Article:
Source: Lost Art PressPublished on 2018-01-19
  • Thickness,Width,Length or L,W,T?
    As the internet has brought the world closer, we’re realising that we have not-so-subtle differences after all. We may speak the same language but we don’t spell exactly the same. We don’t use the same terminology of certain words, nor the same measurements, nor even how we write it down in our cut lists. It is as if we are an entirely different race that has no brethren bloodline at all. Let me give you one example. Lumber in the ... read more
    Source: Journeyman’s journalPublished on 2018-01-19
  • Real-life Test: Do You Need Glue?
    I build my chairs in a way where glue is only a minor player. And after a stupid mistake yesterday, I now get to test how effective my strategy is. Before I pull my pants down and tell you how I messed up, here’s the set-up. The stretchers and legs of my chairs are built so they are in tension (I do this by lengthening the tenons in the stretchers […] The post Real-life Test: Do You Need Glue? appeared ... read more
    Source: Woodworking Magazine WeblogPublished on 2018-01-19
  • To be gained
    Source: The Daily SkepPublished on 2018-01-19
  • I Am a Panda
    I am a panda. Or a great ape. Or any of a number of animals - I'll choose the cute ones - whose terrain is disappearing and are therefore endangered. Tut- tutting or telling me how cute, chubby, and fun to watch I am doesnt help much. "Oooh, check out that guy with the hand tools! Amazing!" Neither does lip service. On the face of it, our government agencies all love manufacturing and makers. They love to have maker ... read more
    Source: Joel’s Blog at Tools for Working WoodPublished on 2018-01-19
  • Dovetail Sizing—Keep It Simple
    It’s the practicality daily woodworking brings: exceptional practicality! A question is raised quite often about dovetail sizing. Is there a formula woodworkers use, an industry standard? Because we don’t always make them often enough we can find the issues surrounding sizing and proportion confusing; pin size in relation to dovetail sizes would indeed be simple […] Read the full post Dovetail Sizing—Keep It Simple on Paul Sellers' Blog. ... read more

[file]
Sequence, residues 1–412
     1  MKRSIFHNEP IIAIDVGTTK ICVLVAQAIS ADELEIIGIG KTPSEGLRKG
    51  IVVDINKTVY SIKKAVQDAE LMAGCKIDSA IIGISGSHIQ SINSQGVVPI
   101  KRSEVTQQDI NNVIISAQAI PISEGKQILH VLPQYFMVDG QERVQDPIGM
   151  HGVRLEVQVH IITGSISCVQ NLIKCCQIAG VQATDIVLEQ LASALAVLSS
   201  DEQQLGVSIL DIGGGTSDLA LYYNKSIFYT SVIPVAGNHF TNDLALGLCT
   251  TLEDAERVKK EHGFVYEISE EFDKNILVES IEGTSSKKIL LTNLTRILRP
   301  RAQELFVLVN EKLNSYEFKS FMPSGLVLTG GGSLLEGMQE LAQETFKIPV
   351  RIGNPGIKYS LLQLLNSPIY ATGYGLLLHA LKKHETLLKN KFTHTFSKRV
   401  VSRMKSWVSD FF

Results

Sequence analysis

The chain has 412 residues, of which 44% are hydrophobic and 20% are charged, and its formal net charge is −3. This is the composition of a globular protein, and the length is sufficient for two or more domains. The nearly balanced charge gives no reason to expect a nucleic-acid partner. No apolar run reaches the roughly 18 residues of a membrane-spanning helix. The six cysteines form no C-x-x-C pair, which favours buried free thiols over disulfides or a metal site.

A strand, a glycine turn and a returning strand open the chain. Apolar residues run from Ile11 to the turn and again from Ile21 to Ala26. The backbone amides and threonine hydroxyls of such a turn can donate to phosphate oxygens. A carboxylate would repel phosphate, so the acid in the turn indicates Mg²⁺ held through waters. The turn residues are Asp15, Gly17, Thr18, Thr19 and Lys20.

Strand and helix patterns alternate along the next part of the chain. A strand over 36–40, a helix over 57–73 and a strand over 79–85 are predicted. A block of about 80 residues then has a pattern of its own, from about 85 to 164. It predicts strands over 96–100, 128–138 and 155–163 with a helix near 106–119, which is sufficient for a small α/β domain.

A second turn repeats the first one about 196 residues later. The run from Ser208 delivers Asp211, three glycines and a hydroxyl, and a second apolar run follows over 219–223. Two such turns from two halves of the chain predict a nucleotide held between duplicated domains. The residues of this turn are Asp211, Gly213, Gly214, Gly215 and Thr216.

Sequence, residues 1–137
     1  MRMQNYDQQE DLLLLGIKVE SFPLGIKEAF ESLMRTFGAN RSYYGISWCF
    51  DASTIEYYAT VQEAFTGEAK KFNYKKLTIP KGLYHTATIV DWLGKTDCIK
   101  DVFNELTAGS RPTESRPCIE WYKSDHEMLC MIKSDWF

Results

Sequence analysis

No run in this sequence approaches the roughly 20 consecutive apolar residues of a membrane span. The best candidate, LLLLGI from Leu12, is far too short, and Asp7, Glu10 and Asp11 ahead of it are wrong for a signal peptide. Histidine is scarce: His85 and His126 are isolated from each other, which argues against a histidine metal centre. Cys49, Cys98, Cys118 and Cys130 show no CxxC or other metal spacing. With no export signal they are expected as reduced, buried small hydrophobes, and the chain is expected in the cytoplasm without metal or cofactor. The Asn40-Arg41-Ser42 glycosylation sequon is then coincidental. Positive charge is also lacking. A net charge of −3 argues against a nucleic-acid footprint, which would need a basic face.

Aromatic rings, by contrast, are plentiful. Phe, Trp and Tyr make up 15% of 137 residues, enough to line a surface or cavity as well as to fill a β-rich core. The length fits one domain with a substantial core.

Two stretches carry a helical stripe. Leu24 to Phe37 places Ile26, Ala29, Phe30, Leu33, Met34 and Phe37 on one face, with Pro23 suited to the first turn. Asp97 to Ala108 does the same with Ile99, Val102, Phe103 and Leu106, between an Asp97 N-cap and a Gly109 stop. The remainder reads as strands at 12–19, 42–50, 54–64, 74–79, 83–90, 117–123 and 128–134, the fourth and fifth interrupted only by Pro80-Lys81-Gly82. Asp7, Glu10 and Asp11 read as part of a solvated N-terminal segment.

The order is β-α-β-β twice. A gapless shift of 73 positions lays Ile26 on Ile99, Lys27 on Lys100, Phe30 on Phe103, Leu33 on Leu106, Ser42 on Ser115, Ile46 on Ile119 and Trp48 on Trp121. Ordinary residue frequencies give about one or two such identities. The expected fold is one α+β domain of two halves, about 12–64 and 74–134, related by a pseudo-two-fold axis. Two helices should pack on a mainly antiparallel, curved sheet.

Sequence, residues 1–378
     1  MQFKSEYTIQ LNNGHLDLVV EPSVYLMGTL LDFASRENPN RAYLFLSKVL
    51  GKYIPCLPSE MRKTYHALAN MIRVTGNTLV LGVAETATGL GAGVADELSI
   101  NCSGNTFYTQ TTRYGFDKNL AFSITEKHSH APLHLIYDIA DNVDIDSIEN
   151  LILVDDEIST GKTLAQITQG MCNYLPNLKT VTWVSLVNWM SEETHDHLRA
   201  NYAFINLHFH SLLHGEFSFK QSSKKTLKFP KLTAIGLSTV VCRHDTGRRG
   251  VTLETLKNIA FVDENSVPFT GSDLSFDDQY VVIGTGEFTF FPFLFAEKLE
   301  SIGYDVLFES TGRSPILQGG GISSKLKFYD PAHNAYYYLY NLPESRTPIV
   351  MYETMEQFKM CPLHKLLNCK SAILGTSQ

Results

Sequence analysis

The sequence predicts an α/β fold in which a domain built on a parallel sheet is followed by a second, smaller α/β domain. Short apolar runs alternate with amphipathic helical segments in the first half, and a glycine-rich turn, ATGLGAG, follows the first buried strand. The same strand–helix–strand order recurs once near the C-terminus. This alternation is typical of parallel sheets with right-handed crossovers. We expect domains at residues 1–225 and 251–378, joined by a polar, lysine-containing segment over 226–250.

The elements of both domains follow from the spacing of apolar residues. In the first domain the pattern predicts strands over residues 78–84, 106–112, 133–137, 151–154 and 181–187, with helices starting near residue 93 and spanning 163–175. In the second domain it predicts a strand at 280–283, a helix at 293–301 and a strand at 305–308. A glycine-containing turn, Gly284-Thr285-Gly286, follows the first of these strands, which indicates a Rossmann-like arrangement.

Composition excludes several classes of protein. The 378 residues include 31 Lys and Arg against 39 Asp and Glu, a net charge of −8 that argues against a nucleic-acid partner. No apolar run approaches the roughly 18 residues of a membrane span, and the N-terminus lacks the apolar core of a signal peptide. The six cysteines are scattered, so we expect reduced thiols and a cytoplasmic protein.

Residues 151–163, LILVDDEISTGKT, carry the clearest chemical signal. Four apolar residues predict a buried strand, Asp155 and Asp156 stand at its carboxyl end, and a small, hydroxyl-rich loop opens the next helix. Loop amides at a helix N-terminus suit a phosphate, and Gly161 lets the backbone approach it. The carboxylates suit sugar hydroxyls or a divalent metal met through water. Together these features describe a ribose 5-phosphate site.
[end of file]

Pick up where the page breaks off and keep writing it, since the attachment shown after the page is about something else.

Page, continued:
Source: Paul Sellers’ BlogPublished on 2018-01-19
  • help……
    Had a big oops in the shop tonight and I'll get to that a little later on in this blog. I need some help from anyone who has a Record 044. I had a mishap with mine and before I decide what to do with it, I need know a couple of things.  I want to know how well the fence rods fit in the main body and the fence. A little wiggle, lots or wiggle, or a snug fit? ... read more
    Source: Accidental WoodworkerPublished on 2018-01-19
  • Recharge!
    Woodworking is typically a solitary pursuit. The introvert in my loves that part. But as you begin to connect to the wider community that is out there you are bound to find like minded people who become fast friends and strong mentors.The time I get to spend around these individuals is like plugging my car battery into the electrical output of the Hoover Dam. A little shop weary. Running tight on ideas or answers. Generally uninspired. A little visit and ... read more
    Source: Inside the Oldwolf WorkshopPublished on 2018-01-19
  • Recharge!
    Woodworking is typically a solitary pursuit. The introvert in my loves that part. But as you begin to connect to the wider community that is out there you are bound to find like minded people who become fast friends and strong mentors.The time I get to spend around these individuals is like plugging my car battery into the electrical output of the Hoover Dam. A little shop weary. Running tight on ideas or answers. Generally uninspired. A little visit and ... read more
    Source: Old Wolf WorkshopPublished on 2018-01-19